Back to School Tips from AAA: Is your child ready to walk to school?
It’s that time of year again: Over the next couple of weeks, most Colorado school districts will be kicking off the new year. And, with many warm summer and fall days ahead of us, walking to school presents itself as an active, healthy alternative to commuting for many families.
But how do you decide if your child is old enough to walk to school or the bus stop on their own? There’s no federal or Colorado law setting a legal age minimum before children can walk alone. That said, your child’s school or school district may have their own policies on the matter – so check in there, first.
If there aren’t rules on the books, it’s up to parents to decide the right time for their student to begin walking to school. AAA Colorado recommends that you consider your child’s age, abilities, and general traffic patterns on the routes to and from your child’s destination. As a general rule, children under the age of 9 or 10 do not have the skills to walk alone in areas with traffic. But, as the saying goes, age is just a number. What matters is whether your children have demonstrated that that they can safely walk and cross streets independently. But, even if they have, the volume and speed of traffic between home and school may not provide for a safe route for the child. No matter what, parents should teach safe behavior.
After deciding if a child is allowed to walk to school, AAA Colorado offers these five ways parents can ensure a safe commute:
- Walk with children many times to familiarize them with the route. This creates an opportunity to point out potential traffic hazards and situations to avoid.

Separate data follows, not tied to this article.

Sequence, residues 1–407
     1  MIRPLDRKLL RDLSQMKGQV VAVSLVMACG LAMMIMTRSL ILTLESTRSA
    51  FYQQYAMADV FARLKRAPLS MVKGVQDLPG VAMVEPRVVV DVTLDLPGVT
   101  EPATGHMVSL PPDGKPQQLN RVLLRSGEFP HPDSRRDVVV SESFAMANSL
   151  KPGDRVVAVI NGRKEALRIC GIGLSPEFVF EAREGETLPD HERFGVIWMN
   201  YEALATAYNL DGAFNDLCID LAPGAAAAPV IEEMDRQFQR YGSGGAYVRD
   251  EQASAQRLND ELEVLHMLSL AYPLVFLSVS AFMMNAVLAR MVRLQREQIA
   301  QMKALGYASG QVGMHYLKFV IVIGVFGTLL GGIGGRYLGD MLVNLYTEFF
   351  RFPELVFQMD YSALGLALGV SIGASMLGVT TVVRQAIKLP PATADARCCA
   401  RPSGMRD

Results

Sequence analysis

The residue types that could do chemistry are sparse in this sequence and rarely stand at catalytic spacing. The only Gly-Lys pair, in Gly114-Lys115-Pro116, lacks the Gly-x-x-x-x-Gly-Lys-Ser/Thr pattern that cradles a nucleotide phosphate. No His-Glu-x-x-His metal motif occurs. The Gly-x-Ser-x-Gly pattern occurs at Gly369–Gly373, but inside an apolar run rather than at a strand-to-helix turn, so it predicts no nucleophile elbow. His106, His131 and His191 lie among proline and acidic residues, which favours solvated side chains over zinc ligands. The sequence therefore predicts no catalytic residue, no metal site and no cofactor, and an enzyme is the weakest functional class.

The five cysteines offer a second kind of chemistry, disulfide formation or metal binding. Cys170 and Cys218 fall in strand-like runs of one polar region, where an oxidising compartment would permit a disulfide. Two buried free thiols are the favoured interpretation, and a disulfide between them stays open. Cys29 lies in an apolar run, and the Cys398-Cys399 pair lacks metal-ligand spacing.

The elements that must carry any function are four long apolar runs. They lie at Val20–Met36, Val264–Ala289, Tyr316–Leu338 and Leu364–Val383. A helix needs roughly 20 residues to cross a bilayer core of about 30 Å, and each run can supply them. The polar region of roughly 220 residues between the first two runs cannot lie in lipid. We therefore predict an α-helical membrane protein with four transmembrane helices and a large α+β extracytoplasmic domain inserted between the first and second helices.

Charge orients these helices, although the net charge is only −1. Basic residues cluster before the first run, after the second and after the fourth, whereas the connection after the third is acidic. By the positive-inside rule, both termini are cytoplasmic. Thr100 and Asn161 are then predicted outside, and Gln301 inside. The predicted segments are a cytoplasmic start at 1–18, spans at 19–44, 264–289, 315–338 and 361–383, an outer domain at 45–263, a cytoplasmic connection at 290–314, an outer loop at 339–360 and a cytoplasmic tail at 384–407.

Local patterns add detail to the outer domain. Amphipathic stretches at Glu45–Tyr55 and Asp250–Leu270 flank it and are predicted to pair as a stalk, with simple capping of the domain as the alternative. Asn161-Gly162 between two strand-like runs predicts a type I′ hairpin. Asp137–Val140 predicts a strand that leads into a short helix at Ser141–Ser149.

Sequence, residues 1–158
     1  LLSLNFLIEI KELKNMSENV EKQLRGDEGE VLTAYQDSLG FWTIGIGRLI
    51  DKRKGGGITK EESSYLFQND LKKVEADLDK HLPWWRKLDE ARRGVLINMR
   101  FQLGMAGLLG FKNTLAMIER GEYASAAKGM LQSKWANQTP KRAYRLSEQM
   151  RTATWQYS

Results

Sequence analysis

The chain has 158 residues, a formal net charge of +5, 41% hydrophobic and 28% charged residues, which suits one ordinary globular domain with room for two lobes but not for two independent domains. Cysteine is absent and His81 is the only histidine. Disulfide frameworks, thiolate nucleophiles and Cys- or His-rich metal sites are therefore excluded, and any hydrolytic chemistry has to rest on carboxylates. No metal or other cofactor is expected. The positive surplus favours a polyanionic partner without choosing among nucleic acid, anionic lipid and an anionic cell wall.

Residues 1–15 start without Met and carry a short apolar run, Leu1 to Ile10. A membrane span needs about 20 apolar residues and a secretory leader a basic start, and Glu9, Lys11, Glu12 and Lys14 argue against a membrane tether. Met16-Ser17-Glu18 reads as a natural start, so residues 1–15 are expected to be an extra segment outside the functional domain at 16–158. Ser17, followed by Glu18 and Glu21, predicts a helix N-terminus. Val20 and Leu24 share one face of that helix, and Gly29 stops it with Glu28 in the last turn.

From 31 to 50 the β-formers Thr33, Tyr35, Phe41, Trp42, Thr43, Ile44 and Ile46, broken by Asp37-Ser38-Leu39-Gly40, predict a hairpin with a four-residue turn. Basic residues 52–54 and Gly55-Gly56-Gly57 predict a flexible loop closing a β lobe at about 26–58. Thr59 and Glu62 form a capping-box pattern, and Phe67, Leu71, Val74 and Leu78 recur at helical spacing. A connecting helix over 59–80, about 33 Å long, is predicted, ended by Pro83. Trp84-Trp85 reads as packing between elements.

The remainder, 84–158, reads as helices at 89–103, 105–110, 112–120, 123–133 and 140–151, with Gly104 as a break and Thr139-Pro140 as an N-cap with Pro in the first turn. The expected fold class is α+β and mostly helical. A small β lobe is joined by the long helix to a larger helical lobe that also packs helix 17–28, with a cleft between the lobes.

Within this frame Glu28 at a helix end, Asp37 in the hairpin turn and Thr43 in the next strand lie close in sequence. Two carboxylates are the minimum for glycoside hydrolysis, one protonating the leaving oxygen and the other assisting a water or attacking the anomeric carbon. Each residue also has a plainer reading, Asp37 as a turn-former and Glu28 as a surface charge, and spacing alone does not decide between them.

- Have children walk in a group. With more eyes and ears, they can cross streets together and negotiate dangerous situations more safely. Having an adult walk with the group can make the trip even safer.
- Talk with children about traffic safety and teach them when and where it is safest to cross streets. Always use crosswalks yourself in order to model safe behavior.
- Emphasize the importance of visually scanning dangerous areas such as driveways and parking lots.
- Remind children to take their time, to stop, and to look both ways and listen when crossing streets – even when there is a well-marked crosswalk.
Drivers and pedestrians are together responsible for keeping themselves and others on the road safe. As congestion increases in school zones during the coming days, all drivers are reminded to slow down and to obey posted school-zone speed limits – and, most importantly, to minimize distractions. Use extra caution when children are present since children are less focused on and experienced with basic traffic safety.